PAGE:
Do not underestimate those first 5 years…
So… What should we be doing those first 5 years?
#2. Serve and Return!
This is Molly’s scientific way of saying… CONNECT! TALK! PLAY!
Children’s mirror neurons are on alert! They learn through connecting and interacting with the adults they trust. Making eye contact and playing games with your child (yes, like peekaboo), are important for their development and for their learning!
So… How often should we be playing games like peekaboo?
#3. Early and Often!
Molly reinforces that we need to be playing these games and connecting with our child as often as we can, and as early as we can!!
Even a 1 year old is aware of the broken connection when our attention is diverted.
Diverted to technology… To our devices…
What would happen if we were distracted by our devices all the time?
When children are not receiving the positive interactions they need for healthy brain development, childhood becomes stressful – even traumatic.
It is harder for children to feel safe, to trust, and to regulate without connection…
Kids NEED positive relationships.
They need connection, to be spoken to, and played with.
They need a healthy and safe home.
To feel a part of a community.
And YOU have the opportunity to give them that.
So, thanks, Molly Wright (the smartest 7 year old I know), for reminding us that a game of peekaboo has the capacity to change the world…
Go do yourselves a favour and watch Molly speak right here!
All day long, you give away pieces of your self to others.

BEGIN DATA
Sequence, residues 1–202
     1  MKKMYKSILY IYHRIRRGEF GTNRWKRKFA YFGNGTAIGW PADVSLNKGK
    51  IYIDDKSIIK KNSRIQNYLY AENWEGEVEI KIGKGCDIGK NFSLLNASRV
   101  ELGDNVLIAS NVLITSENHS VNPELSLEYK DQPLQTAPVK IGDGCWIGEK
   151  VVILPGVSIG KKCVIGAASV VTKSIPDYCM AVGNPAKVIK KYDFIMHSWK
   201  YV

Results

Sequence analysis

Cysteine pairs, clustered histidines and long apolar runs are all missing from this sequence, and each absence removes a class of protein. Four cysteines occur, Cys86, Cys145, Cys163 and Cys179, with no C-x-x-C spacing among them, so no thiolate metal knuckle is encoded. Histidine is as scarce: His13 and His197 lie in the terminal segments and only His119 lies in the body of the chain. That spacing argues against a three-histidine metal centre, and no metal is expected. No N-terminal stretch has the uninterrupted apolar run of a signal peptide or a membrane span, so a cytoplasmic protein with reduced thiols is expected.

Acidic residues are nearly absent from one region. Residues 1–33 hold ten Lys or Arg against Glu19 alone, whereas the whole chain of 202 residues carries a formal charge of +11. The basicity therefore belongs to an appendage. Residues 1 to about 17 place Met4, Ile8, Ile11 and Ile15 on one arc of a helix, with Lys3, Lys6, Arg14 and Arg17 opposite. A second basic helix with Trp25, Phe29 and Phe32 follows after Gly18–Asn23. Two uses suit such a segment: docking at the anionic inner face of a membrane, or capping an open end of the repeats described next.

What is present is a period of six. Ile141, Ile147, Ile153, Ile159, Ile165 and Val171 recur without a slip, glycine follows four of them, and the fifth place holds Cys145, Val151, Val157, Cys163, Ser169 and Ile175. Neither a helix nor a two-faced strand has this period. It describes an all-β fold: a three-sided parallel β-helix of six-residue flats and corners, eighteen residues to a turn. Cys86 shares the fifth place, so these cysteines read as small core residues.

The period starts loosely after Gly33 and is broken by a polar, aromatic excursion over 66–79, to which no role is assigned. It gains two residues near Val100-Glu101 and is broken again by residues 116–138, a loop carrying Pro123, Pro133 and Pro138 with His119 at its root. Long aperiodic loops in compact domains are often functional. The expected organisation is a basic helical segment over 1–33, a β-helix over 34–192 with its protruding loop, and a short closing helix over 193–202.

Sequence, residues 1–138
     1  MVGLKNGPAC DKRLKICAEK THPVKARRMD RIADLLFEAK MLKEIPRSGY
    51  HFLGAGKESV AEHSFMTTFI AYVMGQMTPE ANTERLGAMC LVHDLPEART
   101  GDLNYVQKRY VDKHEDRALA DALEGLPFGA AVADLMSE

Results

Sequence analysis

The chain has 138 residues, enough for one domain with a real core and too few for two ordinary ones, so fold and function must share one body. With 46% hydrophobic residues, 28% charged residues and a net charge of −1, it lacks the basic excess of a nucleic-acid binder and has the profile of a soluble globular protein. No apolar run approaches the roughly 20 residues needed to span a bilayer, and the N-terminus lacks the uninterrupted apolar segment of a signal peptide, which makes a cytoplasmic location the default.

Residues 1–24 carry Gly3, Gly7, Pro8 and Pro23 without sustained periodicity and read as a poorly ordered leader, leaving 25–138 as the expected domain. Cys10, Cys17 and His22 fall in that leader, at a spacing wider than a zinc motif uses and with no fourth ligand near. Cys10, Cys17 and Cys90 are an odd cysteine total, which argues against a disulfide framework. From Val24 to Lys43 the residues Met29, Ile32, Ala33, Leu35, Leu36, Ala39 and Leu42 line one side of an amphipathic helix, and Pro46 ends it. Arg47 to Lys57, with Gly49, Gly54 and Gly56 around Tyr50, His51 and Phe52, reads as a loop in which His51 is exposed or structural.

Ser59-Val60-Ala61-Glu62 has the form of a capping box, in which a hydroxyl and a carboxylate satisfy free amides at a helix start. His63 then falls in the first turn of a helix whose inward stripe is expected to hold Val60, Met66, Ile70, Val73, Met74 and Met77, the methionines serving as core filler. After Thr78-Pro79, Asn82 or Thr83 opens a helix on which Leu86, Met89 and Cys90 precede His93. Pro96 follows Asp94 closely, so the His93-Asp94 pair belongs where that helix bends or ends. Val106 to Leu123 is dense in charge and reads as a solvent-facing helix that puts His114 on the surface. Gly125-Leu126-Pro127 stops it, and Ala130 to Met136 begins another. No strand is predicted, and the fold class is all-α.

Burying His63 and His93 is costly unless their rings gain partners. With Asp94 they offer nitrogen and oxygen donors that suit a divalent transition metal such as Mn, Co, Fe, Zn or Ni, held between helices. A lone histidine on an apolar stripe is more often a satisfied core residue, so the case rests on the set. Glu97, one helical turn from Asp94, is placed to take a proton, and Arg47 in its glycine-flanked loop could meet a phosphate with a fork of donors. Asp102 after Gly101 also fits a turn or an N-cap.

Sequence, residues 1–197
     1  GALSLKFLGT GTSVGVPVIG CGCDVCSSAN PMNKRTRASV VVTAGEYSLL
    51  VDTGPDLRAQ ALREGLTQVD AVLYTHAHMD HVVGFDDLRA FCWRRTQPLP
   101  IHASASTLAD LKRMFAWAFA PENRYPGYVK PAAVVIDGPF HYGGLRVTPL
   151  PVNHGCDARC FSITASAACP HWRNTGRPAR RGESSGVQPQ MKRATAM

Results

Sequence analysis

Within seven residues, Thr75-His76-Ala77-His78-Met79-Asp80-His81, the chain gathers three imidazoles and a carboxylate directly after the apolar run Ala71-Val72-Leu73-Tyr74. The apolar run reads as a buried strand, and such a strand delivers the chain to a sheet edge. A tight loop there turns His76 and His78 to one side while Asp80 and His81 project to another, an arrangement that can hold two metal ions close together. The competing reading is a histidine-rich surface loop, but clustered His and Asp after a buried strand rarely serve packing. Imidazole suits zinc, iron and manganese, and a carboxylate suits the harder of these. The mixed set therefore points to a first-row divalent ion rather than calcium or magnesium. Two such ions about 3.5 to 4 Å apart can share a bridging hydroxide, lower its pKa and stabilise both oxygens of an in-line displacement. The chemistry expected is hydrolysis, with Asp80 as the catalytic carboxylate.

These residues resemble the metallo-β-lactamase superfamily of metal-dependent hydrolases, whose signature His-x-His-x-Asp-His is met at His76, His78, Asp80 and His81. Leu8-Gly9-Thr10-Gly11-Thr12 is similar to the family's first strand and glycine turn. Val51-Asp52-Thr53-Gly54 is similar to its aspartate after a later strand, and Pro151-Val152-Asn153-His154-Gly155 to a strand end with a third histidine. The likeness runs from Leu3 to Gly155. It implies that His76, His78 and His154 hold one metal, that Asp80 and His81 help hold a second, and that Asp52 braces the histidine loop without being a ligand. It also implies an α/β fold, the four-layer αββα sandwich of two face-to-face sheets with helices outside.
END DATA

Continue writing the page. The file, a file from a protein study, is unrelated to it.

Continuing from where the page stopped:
To the tiny humans who need your support. Your full-attention. And your love…
But do you ever take a fraction of a second to give back to yourself?
Like a Car.. You Just Can’t Run on Empty..
Listen, I’ve been there.
My students mean the world to me.. There is nothing that I wouldn’t do for them. As long as it means their protection. As long as they are loved.
But along the way, I forgot to stop and love myself…
Even though, I was aware of it, I thought burnout just couldn’t happen to me if everything I did was out of love.
But that wasn’t the case.
I’m human. You’re human too.
And as humans, we need to be filling up our fuel tanks constantly so we can keep on giving to others.
Sometimes, that means we need to give ourselves morethan others.
For humble educators: it’s a hard pill to swallow…
But it’s true.
I’ve spent the last few years learning this lesson the hard way.
And if I could go back in time now and have a conversation with the younger version of Miss T, I would tell her this:
#1. Don’t Bottle Things Up:
It’s easy to stuff our feelings, our exhaustion… And carry on for the sake of our students. But don’t.
Talk to people. To other teachers. Find a community. There is power in knowing you are not alone.
#2. Practice Self-Care:
There are no rules for self-care – it looks different for everyone.
Do things that nourish your soul, recharge your battery and foster sanity. This could mean writing in a gratitude journal, taking a bubble bath, going for a walk… Whatever it is, schedule time for YOU… Everyday!
Begin your morning with something for you, instead of immediately rushing off to take on the world.
#3. Take A Break:
There is strength in knowing when to step back. When to ask for help.
We pride ourselves in never having to call in sick or book a sub. But that’s not sustainable… Take the time you need to recharge.
Book a mental health day each month. Or apply for a short leave if you are in need of some ‘you-time’. Make it a reoccurring thing – like you’d make time to see your mechanic regularity.
There is a Good Chance you Already Know These Things, I Did Too…
But please, don’t let yourself hit burnout, like I did, before actually making some changes in your life.
It’s time to put yourself first.
You are human, after all.
Even the tiny humans in your life need you to love yourself.